National Black Public Relations Society Conference--Celebrating African American Achievements and Promoting Diversity in PR
BY LAUREN PITCHER
Wyonona Redmond, president of the National Black Public Relations Society (NBPRS) speaking at the opening reception held at the Harley Davidson Museum in Milwaukee
The National Black Public Relations Society (NBPRS) held their annual conference, October 27-30, 2011 in Milwaukee and this year I had the opportunity to be there. The theme for this year’s conference was: “The Network at Work: Managing Transitions, Techniques and Technology for Business and Career Success.” Some of the most respected African Americans in the communications industry were there including former journalists who started their own boutique PR agencies, corporate communications professionals, agency PR practitioners, bloggers, PR freelancers, authors and community relations professionals.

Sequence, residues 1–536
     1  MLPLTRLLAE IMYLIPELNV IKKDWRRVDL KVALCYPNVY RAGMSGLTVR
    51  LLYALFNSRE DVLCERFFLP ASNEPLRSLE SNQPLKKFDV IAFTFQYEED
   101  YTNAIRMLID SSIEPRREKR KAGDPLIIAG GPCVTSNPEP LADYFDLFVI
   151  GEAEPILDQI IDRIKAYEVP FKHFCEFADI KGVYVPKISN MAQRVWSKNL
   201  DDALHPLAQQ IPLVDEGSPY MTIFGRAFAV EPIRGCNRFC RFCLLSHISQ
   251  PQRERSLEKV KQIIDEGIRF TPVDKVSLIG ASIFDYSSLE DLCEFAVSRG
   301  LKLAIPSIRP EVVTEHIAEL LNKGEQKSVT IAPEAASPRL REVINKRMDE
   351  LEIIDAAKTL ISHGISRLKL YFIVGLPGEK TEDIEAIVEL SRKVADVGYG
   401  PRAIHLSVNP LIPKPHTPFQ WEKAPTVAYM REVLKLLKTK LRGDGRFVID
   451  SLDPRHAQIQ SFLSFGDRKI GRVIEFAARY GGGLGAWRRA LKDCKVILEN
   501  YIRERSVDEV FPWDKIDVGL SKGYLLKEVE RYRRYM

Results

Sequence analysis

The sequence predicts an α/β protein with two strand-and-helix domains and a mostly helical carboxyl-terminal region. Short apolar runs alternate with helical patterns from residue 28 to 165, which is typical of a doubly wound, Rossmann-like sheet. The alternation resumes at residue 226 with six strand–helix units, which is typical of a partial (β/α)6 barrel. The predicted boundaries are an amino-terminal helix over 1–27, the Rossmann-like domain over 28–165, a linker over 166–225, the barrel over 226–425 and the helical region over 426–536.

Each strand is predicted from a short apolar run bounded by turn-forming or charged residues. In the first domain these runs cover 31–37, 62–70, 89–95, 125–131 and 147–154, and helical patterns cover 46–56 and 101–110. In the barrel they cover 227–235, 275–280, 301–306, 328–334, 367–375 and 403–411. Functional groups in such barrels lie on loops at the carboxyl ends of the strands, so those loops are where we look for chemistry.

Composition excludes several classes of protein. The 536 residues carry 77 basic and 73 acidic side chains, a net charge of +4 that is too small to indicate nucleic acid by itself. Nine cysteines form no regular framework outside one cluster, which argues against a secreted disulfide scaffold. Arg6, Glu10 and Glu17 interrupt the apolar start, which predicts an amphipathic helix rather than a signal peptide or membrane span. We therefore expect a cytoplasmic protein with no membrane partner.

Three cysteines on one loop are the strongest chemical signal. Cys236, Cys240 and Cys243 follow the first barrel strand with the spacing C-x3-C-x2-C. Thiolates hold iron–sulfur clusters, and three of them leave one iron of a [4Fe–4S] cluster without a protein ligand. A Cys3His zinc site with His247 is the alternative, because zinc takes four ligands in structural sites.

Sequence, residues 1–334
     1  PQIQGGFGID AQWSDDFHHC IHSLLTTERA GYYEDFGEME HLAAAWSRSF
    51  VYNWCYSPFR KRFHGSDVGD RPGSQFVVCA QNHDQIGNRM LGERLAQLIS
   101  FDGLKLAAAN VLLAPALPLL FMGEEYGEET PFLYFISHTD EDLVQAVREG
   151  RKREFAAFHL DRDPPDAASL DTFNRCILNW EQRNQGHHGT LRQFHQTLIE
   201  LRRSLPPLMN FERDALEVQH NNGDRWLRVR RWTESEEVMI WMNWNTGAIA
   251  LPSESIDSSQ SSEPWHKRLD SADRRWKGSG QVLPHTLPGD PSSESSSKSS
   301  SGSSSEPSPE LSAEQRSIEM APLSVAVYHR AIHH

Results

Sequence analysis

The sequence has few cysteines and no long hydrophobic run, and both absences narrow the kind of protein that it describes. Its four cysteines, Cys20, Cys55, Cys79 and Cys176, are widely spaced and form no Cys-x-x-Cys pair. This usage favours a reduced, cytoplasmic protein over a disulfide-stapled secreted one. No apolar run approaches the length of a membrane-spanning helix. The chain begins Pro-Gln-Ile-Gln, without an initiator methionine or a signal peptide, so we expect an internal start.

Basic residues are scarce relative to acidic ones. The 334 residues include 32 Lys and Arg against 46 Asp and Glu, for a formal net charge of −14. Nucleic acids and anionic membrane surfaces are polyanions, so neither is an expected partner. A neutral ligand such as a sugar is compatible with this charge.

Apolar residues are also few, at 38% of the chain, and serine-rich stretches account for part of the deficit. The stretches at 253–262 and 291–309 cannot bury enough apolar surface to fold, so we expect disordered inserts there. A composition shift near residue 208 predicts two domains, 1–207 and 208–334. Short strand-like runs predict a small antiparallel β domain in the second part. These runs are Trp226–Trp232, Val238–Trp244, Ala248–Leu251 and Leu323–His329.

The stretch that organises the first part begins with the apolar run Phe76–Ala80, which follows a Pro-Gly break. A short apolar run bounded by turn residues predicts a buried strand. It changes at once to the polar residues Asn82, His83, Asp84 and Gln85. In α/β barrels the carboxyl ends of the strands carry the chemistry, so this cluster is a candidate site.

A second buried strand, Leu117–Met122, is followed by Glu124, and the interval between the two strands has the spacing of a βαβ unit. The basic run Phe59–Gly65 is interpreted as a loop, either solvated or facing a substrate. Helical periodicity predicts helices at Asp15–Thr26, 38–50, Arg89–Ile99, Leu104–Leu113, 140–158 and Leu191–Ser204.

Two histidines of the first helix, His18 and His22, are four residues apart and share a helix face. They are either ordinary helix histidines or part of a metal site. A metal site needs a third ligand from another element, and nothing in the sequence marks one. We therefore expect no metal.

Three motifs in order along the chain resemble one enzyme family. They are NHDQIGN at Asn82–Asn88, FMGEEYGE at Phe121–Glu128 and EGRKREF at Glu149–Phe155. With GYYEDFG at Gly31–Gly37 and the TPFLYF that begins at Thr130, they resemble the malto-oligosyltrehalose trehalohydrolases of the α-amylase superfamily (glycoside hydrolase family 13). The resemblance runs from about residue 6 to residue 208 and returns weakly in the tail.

Throughout the conference I had the opportunity to attend a variety of workshops but one that particularly stood out to me was: “Breaking In & Staying In: Realities & Strategies for Blacks in PR.” The panel highlighted the importance of building relationships with co-workers to bridge racial differences and we discussed the value of not focusing on being the only minority at the company but rather being aware of how to constantly develop new skills, think outside the box, promote integrity and stay up-to-date with the clients business.
Although only 4.7% of the marketing, advertising and PR industries are made up of ethnic minorities, conferences such as this are a huge step to help diversify the industry, recognize African Americans in the industry and showcase their achievements. Wyonna Redmond, president of NBPRS, defines PR as this: “Our job in the public relations field is to communicate ideas, evoke feelings, shape images, enhance or change perceptions and build relationships.” More diversity in the industry will mean more perspectives and different ideas being shared, which can only lead to helping grow the industry. Carol Moseley Braun, the first African American female senator, said it best in her keynote address at the conference: “When all the cream is allowed to rise to the top, the butter is bound to be better!”
Tags: conference tips, diversity, training